1910-1920, 20th century
10 x 87 cm
Gift from Eaton's of Canada
© McCord Museum
Keywords: Bathing suit (5)
Même si ce maillot de bain a été confectionné quelques années plus tard, cet exemple montre bien qu'il n'y avait pas beaucoup de parties du corps de dévoilées à cette époque. Probablement inconfortable et encombrant, ce n'était peut-être pas l'idéal pour aller à la plage!
À cette même époque, les pantalons pour femmes faisaient leur apparition.
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Keys to History
Towards the end of the 19th century, swimming was becoming a more and more popular pastime in Quebec, particularly enjoyed by the middle class.
During this time, women's bathing suits were like long dresses and were difficult to swim in since they were often worn over a corset until the 1890s. A practical, comfortable women's bathing suit, which only became available at the beginning of the 20th century, would be adopted by woman who wanted to do more than dip their toes in the water and really wanted to swim. However, this type of bathing suit, more acceptable but still not very convenient and following the outlines of outer garments, remained common.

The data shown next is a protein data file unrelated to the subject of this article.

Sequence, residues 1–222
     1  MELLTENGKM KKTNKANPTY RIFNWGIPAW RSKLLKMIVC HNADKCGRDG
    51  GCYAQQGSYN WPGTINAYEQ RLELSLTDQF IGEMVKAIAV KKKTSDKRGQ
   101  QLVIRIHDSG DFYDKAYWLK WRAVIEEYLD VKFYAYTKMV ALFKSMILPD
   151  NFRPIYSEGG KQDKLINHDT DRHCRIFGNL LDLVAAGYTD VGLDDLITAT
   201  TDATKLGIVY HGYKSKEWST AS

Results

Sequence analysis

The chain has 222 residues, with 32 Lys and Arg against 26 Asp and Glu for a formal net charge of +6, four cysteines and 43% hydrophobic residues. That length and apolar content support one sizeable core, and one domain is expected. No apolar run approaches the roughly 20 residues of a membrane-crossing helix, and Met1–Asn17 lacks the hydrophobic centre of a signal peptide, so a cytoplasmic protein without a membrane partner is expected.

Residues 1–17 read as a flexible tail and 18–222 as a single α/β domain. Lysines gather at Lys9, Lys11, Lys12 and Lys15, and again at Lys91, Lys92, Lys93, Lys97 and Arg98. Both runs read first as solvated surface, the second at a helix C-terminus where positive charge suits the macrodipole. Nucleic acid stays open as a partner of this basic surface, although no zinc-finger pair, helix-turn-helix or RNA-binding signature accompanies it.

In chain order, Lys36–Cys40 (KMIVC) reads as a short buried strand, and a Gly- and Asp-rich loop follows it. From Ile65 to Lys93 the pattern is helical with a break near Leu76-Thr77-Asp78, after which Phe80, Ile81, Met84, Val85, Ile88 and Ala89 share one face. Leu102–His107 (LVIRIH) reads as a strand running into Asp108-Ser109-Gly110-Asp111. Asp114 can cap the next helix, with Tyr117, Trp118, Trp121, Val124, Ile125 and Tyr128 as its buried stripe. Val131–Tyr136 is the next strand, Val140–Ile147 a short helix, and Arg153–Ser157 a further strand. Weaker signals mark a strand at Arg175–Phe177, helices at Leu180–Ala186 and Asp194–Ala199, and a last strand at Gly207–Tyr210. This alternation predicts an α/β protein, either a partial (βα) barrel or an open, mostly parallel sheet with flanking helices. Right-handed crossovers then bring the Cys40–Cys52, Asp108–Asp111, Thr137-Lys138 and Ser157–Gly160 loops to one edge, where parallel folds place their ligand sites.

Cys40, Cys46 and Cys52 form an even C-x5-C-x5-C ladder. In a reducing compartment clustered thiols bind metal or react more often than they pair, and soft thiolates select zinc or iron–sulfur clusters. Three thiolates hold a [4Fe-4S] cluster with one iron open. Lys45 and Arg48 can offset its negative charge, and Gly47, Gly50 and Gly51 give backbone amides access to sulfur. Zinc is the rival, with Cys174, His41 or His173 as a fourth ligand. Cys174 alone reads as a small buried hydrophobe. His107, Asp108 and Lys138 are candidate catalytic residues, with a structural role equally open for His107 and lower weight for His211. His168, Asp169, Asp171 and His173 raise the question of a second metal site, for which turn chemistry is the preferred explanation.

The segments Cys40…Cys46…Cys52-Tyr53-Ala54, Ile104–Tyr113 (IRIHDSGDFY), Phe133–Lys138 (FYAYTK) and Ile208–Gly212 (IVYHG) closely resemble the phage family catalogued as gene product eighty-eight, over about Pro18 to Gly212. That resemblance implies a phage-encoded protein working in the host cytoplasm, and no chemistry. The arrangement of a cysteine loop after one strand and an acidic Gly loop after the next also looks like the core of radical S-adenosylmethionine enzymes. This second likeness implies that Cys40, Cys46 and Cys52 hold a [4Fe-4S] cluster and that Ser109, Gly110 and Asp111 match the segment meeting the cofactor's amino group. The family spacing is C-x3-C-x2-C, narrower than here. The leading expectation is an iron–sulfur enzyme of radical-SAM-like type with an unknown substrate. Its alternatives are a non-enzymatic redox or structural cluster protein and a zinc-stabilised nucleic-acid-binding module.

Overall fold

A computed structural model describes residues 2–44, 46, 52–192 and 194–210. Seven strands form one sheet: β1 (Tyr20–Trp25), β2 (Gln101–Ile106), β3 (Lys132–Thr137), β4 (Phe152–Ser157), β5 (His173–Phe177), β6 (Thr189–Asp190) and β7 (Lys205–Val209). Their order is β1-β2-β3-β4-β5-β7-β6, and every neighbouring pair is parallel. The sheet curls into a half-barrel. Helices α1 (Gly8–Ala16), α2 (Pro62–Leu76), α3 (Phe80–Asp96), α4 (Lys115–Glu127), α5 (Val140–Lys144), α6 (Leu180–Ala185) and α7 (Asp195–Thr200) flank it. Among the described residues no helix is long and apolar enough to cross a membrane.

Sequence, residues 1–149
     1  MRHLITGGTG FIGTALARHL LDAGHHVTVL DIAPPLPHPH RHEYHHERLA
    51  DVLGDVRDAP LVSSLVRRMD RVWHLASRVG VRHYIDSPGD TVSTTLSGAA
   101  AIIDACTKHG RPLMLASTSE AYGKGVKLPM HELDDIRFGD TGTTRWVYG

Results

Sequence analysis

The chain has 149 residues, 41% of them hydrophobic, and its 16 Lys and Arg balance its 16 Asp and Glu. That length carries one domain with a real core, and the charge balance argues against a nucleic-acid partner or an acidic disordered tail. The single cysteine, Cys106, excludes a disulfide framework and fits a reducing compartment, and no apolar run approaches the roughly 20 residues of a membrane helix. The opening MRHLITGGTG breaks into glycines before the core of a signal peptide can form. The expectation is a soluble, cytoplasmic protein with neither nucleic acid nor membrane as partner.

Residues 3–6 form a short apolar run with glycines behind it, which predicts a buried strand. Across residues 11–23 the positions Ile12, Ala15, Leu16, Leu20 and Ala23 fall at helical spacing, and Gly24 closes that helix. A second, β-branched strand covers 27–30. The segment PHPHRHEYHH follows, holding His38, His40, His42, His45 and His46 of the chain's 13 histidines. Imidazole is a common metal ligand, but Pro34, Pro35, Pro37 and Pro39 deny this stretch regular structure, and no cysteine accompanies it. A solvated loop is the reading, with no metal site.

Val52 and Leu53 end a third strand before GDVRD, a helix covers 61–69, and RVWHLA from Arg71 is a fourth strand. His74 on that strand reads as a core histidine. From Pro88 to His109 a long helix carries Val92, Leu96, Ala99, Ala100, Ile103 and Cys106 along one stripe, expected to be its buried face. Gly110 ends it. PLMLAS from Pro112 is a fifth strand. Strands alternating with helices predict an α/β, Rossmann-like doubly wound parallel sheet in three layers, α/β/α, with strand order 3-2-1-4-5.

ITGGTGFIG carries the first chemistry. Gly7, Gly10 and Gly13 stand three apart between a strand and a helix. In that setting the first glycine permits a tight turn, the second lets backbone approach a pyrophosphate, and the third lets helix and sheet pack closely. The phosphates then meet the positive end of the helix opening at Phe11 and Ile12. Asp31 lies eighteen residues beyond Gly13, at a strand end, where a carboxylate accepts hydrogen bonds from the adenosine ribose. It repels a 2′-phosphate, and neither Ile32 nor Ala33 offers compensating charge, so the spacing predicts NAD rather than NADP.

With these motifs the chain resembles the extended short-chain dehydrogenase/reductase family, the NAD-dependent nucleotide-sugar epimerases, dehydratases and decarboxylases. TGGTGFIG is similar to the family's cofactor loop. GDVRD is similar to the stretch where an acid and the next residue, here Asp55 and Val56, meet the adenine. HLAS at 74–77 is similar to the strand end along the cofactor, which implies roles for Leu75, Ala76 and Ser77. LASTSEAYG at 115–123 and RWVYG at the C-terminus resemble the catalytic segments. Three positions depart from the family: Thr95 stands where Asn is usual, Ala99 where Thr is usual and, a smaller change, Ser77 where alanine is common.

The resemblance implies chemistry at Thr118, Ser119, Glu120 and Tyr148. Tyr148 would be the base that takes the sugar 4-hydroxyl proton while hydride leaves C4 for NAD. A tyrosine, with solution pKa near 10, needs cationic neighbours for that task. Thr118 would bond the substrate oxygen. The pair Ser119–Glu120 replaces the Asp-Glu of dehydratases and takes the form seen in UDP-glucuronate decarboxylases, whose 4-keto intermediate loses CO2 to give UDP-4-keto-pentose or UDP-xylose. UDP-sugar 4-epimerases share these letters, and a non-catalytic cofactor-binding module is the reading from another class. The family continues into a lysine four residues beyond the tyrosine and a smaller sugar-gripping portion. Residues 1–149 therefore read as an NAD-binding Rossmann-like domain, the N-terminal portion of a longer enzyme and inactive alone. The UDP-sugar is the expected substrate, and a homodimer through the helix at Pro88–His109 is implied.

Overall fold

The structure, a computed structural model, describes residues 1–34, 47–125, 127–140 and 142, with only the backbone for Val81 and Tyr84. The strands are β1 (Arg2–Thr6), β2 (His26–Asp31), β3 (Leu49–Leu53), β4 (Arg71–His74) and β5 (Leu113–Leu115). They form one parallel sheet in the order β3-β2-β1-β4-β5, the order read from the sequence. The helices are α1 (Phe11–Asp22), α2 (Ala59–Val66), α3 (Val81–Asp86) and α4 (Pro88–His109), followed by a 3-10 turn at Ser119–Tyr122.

Of course, not all women swimmers could afford the latest fashion in bathing suits. It would take until the 1910s and 1920s before this wardrobe item was mass-produced and so became really affordable.
Chemical dyes for textiles were perfected during the last quarter of the 19th century. These innovations facilitated the production of coloured fabrics.
Starting in the 19th century, some people had the privilege of holidaying at the riverside resorts of Quebec, particularly in the Lower St. Lawrence region. Renowned for its therapeutic benefits, sea bathing was very popular.
Wool serge and flannel are two fabrics used to make bathing suits at the beginning of the 20th century. However, wool would be used almost exclusively until the 1930s.
The well-to-do took advantage of the riverside resorts, while the workers had to make do with the rivers, streams and lakes.